Do Volunteers Require Management?
From Volunteer Program Management: An Essential Guide, 3rd Edition, by Joy Noble, Louise Rogers, Andy Fryar
Over the years there has been much debate over the use of the word "management" in relation to the supervision of volunteers.
Some feared that applying management practices would inhibit the freedom and spontaneity of volunteers, while others argued that you don't manage "people" - rather you manage programs, equipment or other resources. This was one of the reasons the term Volunteer Coordinator was the preferred title for so long. However the word coordinator does not in most cases cover the many duties and skills required to manage volunteer programs. The term Volunteer Program Manager has therefore been adopted in many organisations...to more accurately reflect the role. It is important to note here that it is not the term 'management' that needs to be questioned - but rather the manner of management.
Peter Drucker (1990), in speaking about the fact that management may be regarded as a "bad" word in not-for-profit organisations, reminds us that management needs to be seen as a tool, not an end in itself.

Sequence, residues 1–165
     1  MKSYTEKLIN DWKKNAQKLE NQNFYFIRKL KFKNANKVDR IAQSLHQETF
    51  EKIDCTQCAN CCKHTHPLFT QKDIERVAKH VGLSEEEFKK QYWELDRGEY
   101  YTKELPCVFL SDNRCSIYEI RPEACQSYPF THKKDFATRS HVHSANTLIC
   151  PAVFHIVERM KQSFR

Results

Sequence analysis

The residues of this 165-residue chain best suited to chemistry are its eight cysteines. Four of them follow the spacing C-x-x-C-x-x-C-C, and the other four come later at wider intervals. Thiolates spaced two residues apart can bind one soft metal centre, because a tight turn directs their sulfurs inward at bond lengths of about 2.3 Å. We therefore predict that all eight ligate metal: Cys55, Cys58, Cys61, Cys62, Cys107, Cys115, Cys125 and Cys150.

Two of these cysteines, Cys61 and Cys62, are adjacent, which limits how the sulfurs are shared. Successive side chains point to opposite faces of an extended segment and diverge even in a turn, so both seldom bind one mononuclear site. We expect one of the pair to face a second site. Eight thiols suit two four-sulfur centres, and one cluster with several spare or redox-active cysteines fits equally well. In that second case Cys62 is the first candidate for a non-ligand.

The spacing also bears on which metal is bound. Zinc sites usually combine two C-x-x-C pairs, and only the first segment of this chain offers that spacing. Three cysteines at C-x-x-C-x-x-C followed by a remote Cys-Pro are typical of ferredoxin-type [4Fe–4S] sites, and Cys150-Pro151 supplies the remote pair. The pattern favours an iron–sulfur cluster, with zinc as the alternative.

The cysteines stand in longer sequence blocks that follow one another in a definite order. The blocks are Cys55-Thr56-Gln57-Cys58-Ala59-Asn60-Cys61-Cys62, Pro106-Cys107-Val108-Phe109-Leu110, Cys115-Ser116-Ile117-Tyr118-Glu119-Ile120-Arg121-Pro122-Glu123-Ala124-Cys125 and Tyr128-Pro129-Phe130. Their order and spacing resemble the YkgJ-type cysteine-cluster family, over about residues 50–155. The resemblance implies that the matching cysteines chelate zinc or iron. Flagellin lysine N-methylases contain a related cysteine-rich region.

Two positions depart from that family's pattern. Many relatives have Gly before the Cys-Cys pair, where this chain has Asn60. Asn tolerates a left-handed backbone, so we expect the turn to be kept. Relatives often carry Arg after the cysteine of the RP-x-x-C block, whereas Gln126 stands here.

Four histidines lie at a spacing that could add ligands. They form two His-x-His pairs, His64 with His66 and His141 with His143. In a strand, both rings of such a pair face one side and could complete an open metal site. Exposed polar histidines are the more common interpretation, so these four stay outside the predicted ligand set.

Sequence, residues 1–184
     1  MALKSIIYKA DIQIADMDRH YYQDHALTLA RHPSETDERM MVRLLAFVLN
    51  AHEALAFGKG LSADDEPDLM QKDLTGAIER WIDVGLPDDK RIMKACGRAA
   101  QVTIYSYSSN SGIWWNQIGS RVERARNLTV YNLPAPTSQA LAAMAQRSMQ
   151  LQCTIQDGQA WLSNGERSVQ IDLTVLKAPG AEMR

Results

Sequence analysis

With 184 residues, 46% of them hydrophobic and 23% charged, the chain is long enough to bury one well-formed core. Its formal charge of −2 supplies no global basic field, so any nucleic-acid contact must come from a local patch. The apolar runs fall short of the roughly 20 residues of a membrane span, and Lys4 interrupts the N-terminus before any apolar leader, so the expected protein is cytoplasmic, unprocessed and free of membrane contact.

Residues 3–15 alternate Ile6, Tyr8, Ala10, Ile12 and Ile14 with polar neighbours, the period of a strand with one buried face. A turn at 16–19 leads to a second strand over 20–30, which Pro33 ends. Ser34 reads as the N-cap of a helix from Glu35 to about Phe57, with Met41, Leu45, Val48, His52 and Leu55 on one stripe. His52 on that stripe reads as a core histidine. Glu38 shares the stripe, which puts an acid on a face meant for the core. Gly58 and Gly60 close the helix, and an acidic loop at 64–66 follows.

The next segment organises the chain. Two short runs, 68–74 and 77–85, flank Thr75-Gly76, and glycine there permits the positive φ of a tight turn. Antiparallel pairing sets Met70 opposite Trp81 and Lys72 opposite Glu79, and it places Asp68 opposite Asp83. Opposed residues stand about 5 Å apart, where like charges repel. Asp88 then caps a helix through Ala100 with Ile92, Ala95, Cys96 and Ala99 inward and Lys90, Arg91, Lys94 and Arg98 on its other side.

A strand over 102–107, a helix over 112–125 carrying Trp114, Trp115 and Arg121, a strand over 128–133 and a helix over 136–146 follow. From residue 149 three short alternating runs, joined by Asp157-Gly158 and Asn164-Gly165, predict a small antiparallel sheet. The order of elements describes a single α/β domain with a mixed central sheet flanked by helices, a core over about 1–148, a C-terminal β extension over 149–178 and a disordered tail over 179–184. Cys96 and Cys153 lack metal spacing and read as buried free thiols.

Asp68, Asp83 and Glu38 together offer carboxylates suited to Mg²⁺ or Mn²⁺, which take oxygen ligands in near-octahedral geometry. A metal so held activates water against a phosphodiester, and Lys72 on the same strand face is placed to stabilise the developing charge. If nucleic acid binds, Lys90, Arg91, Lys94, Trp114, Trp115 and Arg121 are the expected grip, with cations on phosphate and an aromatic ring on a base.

Volunteers will walk away from organisations failing to provide them with satisfying experiences. Many are highly educated, well informed and bring with them a great deal of experience to their volunteer position. They expect to be provided with facilities, support, and where appropriate, training to perform the job. They are not looking to be either ignored or over-regulated. They require and expect that their ideas, skills and experience will be utilised, and to be part of the planning and decision-making processes in a well managed and supportive environment:
The days of accepting volunteers into the organisation and operating in either a laissez faire or dictatorial fashion are past. Management expertise is just as vital to ensure the time, skills and commitment of volunteers is maximised, as is the case with paid staff.
Effective management does not mean organising volunteers in a way that limits their initiative. The reverse is true. Effective management involves understanding the concept and issues involved in volunteering and ensuring that the expectations of the volunteer are met and that their personal attributes and skills are matched to organisational requirements in a way that is beneficial to those receiving services, the organisation and the volunteer.
Volunteers are a unique human resource and need to be recognised as such by the organisation. There are not the "sticks and carrots" associated with paid employment such as promotion pay packets, threats of job loss, etc. Volunteers are there because they choose to be. They can leave without giving notice. This unique situation requires skill on the part of the Volunteer Program Manager to ensure the volunteers are satisfied, that their expectations are met and retention levels are high.
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Excerpted from Volunteer Program Management: An Essential Guide, 3rd Edition
, by Joy Noble, Louise Rogers, Andy Fryar (Adelaide, Australia: VSA&NT, 2010). Available in the Energize, Inc. Online Bookstore at http://www.energizeinc.com/store/5-210-E-2